Sony to launch e-money scheme
13 July 1999
It was five years ago today... In the heady days of the infancy of e-commerce, the fate of the well-worn leather wallet bearing fivers seemed sealed. Cash? Soon to be a thing of the past:
By Tony Smith
Published Tuesday 13th July 1999 14:51 GMT
Sony is hoping to become a key e-commerce player when it launches a digital currency scheme next year. According to reports in Japanese business paper Nikkei, Sony's e-money programme will operate through its Internet service, So-Net.
Buyers would make payments using a smartcard, swiping the card through a reader connected to their PC to make the transaction. Users would pay Sony to top up their cards with e-money. In that respect, the service resembles the recently launched Magex digital currency, though Magex uses wallet software stored on a PC's hard disk rather than a separate smartcard. The scheme will be tested in public during summer 2000, said Nikkei, with the full roll-out following later in the year.
In December 2000, Sony reported that it had signed a deal with ten other companies to "start a Prepaid Electronic Money Service called "Edy" for the Japanese domestic market. The joint venture company will be established in January 2001, and full-scale service is due to start in October 2001".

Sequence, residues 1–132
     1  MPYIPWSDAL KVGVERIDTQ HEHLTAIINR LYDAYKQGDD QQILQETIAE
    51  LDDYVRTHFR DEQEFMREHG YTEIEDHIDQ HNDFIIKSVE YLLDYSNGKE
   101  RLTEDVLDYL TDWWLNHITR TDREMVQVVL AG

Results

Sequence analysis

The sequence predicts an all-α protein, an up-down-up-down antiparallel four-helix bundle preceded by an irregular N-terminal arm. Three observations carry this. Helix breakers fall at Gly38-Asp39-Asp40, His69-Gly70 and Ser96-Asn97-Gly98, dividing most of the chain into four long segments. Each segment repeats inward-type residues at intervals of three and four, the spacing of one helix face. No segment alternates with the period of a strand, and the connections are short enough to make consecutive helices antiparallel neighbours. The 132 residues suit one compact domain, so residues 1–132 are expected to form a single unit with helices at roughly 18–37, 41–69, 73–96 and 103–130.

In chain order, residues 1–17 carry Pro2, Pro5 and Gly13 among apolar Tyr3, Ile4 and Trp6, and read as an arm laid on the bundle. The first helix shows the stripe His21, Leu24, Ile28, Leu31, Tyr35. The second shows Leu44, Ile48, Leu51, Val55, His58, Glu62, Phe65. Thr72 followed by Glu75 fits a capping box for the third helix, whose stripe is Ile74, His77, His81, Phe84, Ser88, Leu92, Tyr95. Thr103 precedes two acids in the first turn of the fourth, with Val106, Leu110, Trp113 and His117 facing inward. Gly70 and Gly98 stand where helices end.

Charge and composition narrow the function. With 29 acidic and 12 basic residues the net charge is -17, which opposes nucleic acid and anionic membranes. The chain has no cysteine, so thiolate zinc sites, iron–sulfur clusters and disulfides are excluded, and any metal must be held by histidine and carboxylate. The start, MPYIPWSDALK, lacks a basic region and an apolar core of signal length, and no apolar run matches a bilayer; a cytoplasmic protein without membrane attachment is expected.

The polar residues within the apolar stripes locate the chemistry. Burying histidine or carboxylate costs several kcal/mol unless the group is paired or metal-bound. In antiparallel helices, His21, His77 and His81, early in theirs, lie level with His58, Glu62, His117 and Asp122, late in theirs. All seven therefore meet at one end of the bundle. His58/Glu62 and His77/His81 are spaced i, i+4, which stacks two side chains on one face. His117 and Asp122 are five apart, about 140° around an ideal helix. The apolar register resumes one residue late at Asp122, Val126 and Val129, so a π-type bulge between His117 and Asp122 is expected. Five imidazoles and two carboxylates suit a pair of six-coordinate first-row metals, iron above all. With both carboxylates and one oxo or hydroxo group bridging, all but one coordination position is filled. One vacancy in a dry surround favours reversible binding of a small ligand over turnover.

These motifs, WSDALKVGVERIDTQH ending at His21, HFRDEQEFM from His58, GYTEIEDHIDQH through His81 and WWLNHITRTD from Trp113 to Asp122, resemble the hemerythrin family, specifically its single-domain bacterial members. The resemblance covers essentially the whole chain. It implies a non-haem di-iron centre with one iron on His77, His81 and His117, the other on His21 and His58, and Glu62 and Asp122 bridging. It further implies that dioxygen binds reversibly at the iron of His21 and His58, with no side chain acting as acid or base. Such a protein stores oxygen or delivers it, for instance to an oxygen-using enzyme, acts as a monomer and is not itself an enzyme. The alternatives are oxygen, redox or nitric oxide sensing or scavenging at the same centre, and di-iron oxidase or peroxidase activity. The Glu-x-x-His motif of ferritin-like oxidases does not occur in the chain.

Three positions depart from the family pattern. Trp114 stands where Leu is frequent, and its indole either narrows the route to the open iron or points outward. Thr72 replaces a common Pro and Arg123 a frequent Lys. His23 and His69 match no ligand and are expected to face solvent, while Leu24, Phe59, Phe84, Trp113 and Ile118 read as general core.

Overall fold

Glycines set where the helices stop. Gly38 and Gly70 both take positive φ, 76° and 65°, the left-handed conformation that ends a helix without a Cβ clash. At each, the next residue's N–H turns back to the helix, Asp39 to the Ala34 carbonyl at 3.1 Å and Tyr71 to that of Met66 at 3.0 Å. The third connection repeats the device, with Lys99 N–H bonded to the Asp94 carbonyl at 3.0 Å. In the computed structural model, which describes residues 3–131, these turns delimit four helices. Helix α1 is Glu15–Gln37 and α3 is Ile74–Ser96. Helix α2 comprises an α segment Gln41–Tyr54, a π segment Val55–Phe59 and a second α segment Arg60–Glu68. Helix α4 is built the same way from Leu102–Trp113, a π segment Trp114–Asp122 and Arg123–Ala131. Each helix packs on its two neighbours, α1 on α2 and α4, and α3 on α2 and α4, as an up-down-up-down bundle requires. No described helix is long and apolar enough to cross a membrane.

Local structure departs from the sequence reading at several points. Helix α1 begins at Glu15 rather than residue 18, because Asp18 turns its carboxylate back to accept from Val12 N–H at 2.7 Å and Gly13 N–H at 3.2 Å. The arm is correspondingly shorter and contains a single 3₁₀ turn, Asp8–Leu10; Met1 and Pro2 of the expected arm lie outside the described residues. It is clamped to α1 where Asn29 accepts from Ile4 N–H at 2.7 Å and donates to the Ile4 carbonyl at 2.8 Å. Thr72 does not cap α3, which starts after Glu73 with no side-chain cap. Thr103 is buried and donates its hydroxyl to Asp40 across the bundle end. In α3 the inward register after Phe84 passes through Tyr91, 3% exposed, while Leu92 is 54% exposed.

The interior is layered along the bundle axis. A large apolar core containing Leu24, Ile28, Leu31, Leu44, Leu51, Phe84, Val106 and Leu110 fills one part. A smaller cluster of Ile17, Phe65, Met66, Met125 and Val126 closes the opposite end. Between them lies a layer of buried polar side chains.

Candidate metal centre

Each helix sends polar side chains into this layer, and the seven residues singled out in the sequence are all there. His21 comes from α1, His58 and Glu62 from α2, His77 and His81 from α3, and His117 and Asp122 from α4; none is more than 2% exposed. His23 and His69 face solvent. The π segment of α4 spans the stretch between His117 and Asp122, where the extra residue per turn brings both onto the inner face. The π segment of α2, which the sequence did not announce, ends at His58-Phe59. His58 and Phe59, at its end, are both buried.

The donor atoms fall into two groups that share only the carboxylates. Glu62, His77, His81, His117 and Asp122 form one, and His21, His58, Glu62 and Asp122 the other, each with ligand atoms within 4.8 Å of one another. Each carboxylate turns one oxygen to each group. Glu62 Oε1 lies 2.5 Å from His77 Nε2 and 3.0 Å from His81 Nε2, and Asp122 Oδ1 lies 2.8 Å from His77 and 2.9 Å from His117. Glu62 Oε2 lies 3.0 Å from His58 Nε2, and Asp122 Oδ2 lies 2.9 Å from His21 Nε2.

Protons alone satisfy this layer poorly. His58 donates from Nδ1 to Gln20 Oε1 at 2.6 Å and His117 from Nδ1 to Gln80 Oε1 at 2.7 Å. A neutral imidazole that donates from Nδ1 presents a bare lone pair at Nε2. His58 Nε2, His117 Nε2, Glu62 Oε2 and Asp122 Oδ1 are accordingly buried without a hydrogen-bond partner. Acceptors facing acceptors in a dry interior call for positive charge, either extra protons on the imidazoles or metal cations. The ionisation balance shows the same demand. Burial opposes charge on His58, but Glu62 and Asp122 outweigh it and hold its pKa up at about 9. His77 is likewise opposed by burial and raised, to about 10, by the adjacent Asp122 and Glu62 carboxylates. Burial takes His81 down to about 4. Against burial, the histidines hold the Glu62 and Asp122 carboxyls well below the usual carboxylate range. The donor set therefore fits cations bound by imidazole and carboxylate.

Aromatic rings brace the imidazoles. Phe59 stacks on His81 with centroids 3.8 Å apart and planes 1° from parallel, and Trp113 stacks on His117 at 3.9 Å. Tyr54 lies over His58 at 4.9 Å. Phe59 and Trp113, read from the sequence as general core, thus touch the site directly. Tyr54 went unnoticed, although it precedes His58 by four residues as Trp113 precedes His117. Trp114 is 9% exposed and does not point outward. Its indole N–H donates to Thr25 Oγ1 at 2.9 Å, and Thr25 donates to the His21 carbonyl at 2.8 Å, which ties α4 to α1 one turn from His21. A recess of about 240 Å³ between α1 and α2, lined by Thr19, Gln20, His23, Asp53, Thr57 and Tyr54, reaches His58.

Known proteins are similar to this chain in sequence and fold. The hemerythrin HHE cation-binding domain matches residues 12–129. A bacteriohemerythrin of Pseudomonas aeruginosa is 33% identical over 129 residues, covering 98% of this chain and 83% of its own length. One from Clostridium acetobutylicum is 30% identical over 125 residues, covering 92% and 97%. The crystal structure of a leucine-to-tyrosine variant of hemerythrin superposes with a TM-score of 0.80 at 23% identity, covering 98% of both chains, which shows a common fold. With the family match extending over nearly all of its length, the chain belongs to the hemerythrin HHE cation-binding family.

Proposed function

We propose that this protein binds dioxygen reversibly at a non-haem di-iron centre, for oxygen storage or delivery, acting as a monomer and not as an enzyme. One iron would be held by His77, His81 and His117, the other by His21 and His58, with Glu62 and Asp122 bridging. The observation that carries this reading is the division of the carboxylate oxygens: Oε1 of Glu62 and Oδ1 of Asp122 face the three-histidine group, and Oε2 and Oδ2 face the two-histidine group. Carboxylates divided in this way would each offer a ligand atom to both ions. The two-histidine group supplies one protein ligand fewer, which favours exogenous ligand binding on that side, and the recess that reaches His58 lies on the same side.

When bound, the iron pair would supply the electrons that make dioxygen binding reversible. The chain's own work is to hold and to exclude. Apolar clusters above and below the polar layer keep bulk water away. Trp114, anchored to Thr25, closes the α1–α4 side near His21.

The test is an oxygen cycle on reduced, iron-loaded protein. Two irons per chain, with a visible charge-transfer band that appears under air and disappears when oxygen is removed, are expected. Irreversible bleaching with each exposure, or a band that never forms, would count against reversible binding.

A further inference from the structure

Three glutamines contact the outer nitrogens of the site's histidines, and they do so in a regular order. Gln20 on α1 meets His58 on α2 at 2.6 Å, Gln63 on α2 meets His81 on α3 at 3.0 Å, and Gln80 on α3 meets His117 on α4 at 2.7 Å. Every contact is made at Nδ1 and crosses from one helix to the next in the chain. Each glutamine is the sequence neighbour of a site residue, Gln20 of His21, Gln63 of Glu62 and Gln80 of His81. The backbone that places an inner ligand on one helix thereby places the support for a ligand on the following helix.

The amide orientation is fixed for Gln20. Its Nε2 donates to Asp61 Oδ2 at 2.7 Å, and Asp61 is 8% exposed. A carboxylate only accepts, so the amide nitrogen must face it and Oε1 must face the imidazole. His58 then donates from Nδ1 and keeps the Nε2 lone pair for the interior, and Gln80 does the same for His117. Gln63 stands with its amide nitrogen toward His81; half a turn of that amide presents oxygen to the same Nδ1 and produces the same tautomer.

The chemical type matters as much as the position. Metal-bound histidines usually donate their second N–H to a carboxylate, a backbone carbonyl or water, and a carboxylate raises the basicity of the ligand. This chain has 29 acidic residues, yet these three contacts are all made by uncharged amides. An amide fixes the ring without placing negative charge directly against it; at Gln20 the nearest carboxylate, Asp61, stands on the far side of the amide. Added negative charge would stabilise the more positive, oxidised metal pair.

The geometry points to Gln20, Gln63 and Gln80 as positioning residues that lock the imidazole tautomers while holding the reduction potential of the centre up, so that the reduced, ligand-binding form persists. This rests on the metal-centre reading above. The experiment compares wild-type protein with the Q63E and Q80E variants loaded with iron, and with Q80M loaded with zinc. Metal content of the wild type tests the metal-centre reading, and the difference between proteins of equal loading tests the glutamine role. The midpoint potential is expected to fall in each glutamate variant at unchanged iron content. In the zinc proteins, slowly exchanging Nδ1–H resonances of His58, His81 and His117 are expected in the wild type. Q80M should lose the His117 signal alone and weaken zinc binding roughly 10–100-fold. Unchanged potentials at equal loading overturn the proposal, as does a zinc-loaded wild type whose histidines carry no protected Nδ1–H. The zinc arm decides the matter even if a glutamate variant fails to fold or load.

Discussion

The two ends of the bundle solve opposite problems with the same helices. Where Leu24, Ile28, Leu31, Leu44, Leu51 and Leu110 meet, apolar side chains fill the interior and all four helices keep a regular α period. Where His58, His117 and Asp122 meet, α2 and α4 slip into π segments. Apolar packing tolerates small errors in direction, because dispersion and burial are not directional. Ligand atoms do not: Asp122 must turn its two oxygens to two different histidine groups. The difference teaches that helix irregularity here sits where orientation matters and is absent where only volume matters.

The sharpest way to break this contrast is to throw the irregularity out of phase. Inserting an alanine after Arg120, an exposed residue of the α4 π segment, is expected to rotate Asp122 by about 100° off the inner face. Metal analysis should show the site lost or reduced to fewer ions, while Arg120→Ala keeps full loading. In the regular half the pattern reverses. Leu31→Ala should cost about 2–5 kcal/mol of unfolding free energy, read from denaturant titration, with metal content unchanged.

As far as we can tell, the Edy service still operates in Japan, although the idea never really took off in Europe and the US where the pretty simple idea of getting stuff online with a bog-standard credit/debit card is well established.
The road toward e-commerce nirvana is, as we all know, littered with brave attempts to create alternative e-currencies. The most memorable of the UK efforts was Beenz, which fell by the wayside in August 2001.
As for Magex - a National Westminster Bank spin-off - it went on to secure a cash injection from none other than Paul McCartney as part of a tentative move into the music download market.
Magex is these days running bog-standard online and mobile "payment solutions" for Nat West - with no mention of Paul McCartney, music downloads or, sadly, any form of revolutionary digital currency. ®
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